Elements 62 provide both frictional and viscous damping of vibrations, and are tuned to provide a natural frequency of vibration of elements 62 slightly below the major mode of the natural frequency of vibration of gantry 16 about the X-axis drive 23.
As structure 16 is rapidly accelerated or decelerated in the X-direction, vibrations of the table 14 are produced in response. Layer 75 absorbs these vibrations and re-emits these vibrations at the same frequency, but with a time delay, creating a phase shift relative to the major mode of the natural frequency of vibration of structure 16. This phase shift in the re-emitted vibrations causes them to cancel out the vibrations in structure 16. Also, vibrations are damped by frictional damping in layer 75 in which frictional movement of the cell walls with respect to one another within layer 75 causes layer 75 to convert the vibrations to heat which is dissipated. Any residual vibrations typically are sufficiently low as to not affect the measuring accuracy. Vibrations emanating from Z-rail 18 are also damped. Although elements 62 are not precisely tuned to the higher frequency of the Z-rail vibrations, sufficient damping is provided so that the residual Z-rail vibrations are not sufficiently great to affect the measuring accuracy.
With particular reference to FIG. 7, another embodiment of the table support vibration damper of the present invention will now be described for use with a machine having a vibration isolation system for table 14. Frequently, it is desirable to isolate table 14 from the underlying supporting floor 15. Vibrations originating in floor 15 can be transmitted to table 14, impacting the accuracy of the measurements taken by probe 12. Typically, table 14 is isolated from such vibrations in floor 15 by using either an active isolation system with an automatic leveling control or a passive isolation system. An example of an active isolation system is an air bag with valves which continually take in, expel and redistribute air to keep the system level at all times in response to the position of structure 16 and carriage 24. An example of a passive isolation system is a pad of foam or other like material which absorbs vibrations emanating from floor 15.
If table support vibration damper 60 is used in conjunction with either of the vibration isolation system described above, damper 60 will not work properly unless certain modifications are made as shown in FIG. 7. The table support vibration damper 60 of FIG. 6 is a relatively stiff system, while the foregoing vibration isolation systems commonly used in the prior art are typically low frequency, low stiffness systems. Such low frequency, low stiffness systems provide better isolation, while higher stiffness is required for damping. If elements 62 are placed in direct contact with a prior art vibration isolation system, the low stiffness of the vibration isolation system will inhibit proper damping of the vibrations emanating from table 14, as these vibrations will be transmitted to the vibration isolation system and not be damped, thus neutralizing or overriding table support vibration dampening system 60.
The foregoing problem is overcome by the provision of a substantial auxiliary mass 80 beneath table 14, as shown in FIG. 7. Elements 62 rest directly on an upper surface 81 of mass 80, and mass 80 is in turn supported by a prior art, conventional, active or passive vibration isolation system 82. Mass 80 should be substantial, and typically is equal to or larger than the weight of machine 10.
Typically, isolation system 82 and mass 80 are disposed in a recess 90 formed in floor 15, as shown in FIG. 7. In this manner, table 14 is disposed at a level above floor 15 necessary for proper operation of machine 10.
Mass 80 disposed between table 14 and isolation system 82 dynamically isolates the stiff and well damped damper 60 from the soft and low damped prior art isolation system. The lower frequency system 82 has little or no effect on the effectiveness of system 60. Therefore, system 60 is permitted to function properly to dampen vibrations, without being neutralized by system 82.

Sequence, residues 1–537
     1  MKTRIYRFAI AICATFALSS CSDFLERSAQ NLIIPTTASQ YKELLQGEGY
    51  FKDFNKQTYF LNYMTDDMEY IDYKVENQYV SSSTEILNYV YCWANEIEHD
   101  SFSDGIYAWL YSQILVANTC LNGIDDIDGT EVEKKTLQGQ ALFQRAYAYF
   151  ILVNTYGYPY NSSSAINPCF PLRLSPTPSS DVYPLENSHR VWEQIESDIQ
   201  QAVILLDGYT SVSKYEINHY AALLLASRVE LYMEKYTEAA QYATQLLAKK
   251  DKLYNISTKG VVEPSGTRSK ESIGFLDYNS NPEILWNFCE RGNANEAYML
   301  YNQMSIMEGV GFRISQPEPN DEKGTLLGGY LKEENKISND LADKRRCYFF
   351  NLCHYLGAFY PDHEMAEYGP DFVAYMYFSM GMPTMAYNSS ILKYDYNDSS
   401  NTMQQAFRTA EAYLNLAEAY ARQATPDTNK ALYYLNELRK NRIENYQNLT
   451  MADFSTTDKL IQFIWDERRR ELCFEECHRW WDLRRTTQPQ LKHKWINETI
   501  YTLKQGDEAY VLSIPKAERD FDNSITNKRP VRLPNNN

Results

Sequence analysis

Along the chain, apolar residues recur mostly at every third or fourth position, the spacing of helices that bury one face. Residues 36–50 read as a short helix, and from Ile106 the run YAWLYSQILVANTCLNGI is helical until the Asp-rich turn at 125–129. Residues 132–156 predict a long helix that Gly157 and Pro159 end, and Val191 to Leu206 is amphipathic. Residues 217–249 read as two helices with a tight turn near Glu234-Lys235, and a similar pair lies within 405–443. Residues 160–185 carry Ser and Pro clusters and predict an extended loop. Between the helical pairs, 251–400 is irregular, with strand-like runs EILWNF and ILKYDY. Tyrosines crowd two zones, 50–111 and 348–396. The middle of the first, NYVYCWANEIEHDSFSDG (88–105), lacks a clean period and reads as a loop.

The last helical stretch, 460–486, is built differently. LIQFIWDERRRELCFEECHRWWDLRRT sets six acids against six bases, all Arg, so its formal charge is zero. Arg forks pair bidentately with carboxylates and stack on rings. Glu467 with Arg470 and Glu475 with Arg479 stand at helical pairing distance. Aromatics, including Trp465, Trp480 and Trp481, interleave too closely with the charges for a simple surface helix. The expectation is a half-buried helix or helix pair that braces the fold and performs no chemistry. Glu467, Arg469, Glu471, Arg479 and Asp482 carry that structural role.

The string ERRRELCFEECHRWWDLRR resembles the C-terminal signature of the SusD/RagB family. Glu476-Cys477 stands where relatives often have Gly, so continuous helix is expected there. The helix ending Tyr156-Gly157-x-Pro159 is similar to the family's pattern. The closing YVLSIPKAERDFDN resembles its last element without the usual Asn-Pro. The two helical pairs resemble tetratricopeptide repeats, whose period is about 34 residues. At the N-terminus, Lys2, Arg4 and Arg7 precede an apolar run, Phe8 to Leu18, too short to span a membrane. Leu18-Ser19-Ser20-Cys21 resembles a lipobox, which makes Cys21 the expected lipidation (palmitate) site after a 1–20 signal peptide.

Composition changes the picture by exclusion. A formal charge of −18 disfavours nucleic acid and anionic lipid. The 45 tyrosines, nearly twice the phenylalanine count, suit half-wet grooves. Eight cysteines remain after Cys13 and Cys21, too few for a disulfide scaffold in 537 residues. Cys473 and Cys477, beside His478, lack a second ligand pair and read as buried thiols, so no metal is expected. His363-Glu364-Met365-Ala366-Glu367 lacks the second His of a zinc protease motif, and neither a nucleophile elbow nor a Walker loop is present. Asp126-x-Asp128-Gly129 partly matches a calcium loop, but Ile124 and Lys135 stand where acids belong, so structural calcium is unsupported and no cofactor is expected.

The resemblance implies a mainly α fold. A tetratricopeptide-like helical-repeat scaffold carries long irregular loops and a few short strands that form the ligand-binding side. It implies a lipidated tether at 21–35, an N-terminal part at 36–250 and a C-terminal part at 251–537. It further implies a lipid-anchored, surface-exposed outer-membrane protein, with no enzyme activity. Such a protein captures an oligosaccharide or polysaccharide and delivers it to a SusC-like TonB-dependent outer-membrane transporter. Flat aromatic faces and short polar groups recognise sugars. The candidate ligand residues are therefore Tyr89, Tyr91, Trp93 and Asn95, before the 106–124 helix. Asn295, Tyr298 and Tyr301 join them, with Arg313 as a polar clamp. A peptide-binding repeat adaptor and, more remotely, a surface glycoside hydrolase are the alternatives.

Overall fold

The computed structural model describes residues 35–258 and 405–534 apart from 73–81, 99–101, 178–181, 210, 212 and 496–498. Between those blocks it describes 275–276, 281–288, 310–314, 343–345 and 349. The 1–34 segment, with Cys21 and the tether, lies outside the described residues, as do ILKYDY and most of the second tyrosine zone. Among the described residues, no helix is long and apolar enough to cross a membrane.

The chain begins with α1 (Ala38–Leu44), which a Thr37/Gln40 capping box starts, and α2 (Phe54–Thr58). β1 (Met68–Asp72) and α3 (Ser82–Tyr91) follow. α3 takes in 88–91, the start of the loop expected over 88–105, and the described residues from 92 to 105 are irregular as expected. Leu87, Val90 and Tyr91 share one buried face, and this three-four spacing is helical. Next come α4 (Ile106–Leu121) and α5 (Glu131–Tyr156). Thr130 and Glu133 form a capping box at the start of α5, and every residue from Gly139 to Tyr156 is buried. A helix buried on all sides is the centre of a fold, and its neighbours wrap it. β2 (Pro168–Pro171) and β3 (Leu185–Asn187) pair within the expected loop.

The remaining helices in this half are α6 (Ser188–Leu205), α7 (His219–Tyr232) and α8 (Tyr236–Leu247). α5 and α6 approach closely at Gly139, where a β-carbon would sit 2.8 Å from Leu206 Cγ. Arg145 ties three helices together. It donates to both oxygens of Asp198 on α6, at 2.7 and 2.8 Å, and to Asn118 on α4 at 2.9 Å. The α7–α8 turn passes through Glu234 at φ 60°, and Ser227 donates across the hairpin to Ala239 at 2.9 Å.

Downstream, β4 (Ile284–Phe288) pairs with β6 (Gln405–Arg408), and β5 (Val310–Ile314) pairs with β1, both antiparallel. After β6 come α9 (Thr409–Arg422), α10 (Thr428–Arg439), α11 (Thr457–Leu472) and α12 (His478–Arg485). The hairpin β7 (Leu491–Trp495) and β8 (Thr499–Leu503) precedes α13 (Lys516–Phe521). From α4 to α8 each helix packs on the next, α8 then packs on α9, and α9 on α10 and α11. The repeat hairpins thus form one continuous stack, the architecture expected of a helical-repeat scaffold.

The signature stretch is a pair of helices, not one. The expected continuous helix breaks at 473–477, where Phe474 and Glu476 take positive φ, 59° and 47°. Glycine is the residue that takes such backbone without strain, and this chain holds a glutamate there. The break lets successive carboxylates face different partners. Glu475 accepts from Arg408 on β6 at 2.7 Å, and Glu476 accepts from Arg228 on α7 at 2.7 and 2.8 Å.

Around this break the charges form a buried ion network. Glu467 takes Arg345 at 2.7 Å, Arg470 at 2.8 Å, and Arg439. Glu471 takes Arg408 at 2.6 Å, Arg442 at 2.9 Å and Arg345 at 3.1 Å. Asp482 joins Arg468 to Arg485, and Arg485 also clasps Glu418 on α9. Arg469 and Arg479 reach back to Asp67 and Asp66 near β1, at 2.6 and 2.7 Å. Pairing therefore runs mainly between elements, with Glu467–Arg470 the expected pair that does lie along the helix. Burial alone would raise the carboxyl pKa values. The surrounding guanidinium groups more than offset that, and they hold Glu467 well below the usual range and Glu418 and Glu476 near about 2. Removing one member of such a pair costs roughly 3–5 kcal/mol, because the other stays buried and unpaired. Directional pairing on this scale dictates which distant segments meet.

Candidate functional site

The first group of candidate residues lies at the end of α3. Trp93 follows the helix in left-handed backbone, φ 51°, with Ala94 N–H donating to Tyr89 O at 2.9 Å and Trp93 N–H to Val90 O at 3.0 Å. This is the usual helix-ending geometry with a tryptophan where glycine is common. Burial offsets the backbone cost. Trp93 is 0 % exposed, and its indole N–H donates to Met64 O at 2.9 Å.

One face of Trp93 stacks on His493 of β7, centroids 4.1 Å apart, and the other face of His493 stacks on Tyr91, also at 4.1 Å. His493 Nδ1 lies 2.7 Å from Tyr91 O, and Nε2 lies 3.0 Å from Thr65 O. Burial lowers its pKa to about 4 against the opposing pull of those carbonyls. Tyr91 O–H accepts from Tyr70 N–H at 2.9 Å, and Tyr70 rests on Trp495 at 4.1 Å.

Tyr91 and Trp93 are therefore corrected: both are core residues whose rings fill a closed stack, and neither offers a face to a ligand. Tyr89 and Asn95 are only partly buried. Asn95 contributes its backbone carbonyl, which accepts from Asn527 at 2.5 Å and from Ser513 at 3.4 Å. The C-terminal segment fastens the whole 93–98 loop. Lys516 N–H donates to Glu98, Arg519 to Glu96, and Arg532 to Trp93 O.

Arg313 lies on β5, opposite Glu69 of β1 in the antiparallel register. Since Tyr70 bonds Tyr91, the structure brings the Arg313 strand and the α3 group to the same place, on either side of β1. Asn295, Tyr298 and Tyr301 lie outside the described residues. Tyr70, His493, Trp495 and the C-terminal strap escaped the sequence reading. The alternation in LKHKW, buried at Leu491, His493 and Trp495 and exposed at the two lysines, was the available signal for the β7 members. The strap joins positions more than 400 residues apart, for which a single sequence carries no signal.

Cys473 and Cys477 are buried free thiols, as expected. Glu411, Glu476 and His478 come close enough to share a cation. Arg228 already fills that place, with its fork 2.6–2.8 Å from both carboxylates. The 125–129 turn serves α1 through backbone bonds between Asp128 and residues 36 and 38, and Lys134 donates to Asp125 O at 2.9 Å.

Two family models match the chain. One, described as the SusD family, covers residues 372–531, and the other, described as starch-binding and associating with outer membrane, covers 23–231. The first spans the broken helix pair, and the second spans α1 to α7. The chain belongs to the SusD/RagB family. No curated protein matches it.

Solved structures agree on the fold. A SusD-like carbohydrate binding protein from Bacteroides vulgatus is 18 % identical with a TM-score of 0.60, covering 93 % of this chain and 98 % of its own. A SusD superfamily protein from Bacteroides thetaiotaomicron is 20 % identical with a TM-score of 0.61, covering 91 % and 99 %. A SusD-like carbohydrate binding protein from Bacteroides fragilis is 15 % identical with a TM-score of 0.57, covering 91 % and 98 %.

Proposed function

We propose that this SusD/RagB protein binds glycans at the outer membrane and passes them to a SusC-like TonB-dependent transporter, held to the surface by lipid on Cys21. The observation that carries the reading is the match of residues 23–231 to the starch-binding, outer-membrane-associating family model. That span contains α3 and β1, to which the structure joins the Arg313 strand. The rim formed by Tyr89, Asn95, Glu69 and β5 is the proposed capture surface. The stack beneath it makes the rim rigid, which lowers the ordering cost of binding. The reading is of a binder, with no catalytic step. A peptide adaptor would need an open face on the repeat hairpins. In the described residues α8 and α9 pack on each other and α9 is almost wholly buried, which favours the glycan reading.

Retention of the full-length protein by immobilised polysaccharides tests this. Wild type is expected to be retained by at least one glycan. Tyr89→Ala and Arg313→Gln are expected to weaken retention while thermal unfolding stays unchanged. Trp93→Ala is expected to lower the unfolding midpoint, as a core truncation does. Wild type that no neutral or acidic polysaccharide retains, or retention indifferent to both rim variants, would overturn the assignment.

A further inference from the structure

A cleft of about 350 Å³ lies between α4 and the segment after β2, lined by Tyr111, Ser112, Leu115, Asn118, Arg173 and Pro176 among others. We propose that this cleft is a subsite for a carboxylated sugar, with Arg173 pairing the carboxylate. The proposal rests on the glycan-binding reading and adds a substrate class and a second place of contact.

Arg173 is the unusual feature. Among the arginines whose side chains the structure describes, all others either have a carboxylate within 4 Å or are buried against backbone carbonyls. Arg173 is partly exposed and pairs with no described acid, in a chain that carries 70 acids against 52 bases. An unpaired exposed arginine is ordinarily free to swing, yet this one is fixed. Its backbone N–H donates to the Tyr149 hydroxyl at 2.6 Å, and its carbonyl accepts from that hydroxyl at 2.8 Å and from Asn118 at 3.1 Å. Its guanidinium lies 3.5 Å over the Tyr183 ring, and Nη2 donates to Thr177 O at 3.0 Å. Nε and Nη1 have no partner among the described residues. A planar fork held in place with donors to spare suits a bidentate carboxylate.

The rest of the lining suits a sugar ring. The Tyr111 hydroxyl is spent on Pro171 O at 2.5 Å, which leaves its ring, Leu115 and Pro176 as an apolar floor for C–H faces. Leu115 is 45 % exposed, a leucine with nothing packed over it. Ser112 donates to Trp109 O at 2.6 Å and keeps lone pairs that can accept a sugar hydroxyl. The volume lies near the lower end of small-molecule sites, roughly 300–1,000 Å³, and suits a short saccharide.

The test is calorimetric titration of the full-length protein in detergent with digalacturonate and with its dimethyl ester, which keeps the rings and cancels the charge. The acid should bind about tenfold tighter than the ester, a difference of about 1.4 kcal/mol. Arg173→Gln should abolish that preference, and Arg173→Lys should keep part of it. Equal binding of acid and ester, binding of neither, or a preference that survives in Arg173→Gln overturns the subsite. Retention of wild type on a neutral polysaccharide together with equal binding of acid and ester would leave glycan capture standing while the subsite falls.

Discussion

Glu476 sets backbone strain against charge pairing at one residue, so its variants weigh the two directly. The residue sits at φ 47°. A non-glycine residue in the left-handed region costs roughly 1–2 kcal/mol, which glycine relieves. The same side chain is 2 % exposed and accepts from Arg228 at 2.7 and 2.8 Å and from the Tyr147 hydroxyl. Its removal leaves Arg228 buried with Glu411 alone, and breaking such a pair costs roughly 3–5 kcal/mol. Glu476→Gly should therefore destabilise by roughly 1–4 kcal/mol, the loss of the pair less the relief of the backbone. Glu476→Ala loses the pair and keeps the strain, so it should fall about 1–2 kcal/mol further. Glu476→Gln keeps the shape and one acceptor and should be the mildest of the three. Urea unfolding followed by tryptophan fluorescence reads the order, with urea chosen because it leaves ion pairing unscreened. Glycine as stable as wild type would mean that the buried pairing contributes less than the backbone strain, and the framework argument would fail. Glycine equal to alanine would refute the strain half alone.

FIG. 4 illustrates the approximate improvement in settling time achieved by the vibration dampening system of the present invention, including dampers 30, 50 and 60, in a gantry-type coordinate measuring machine. In FIG. 4, the vertical axis or ordinate represents the amplitude of the vibrations, while the horizontal axis or abscissa represents the elapsed time. Curve 44 of FIG. 4 illustrates the approximately sinusoidal vibration of a prior art, gantry-type structure 16 about an axis in the X direction without dampers 30, 50 and 60. Curve 46 represents the envelope of the amplitude of the vibration shown in curve 44. Curve 48 illustrates the approximately sinusoidal vibration of the same prior art gantry structure 16 with the use of only damper 30 of the present invention. Curve 49 represents the envelope of the amplitude of the vibrations shown in curve 48. Curve 56 illustrates the approximately sinusoidal vibration of gantry structure 16 using damper 30, damper 50 and damper 60. Curve 58 represents the envelope of the amplitude of the vibrations of curve 56.
The substantial reduction of the settling time of structure 16 utilizing the vibration damping system of the present invention is readily apparent from a comparison of curve 58 with curve 46. A typical prior art gantry type coordinate measuring machine without the vibration damping system of the present invention has a settling time of approximately 3 to 4 seconds, or about 35 cycles. The same prior art gantry type coordinate measuring machine utilizing the vibration dampening system of the present invention has a settling time of about 0.2 seconds, or about 2 cycles. Thus, the vibration dampening system of the present invention reduces the settling time of a gantry type coordinate measuring machine by more than an order of magnitude, significantly reducing the time it takes to perform an inspection of a part being tested. Damper 50 and damper 30 each reduce the settling time of the vibrations in structure 16 by a factor of about 4 to 5 while the contribution of damper 60 is substantially less. Thus, a gantry-type coordinate measuring machine utilizing damper 30, damper 50 and damper 60 can perform an inspection of a part under test in approximately 1/20th of the time required for a comparable prior art machine.
Having described one preferred embodiment of the present invention, it should be obvious to those skilled in the art that various modifications and alterations are possible without departing from the scope of the invention. Such obvious modifications and alterations are intended to be included within the scope of the invention which is not to be limited by the above discussion of a single preferred embodiment. The only limitations upon the scope of the invention are defined by the appended claims and their equivalents.
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|U.S. Classification||33/503, 33/1.00M, 248/559|
|International Classification||F16F7/10, G01B5/008, F16F15/00, F16F15/02, F16F7/108|
|Cooperative Classification||F16F7/1005, F16F7/108, F16F15/02, G01B5/008|
|European Classification||F16F7/10A, G01B5/008, F16F15/02, F16F7/108|
|Sep 11, 1989||AS||Assignment|
Owner name: BROWN & SHARPE MANUFACTURING COMPANY, RHODE ISLAND
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Effective date: 19890908
|Jan 10, 1995||FPAY||Fee payment|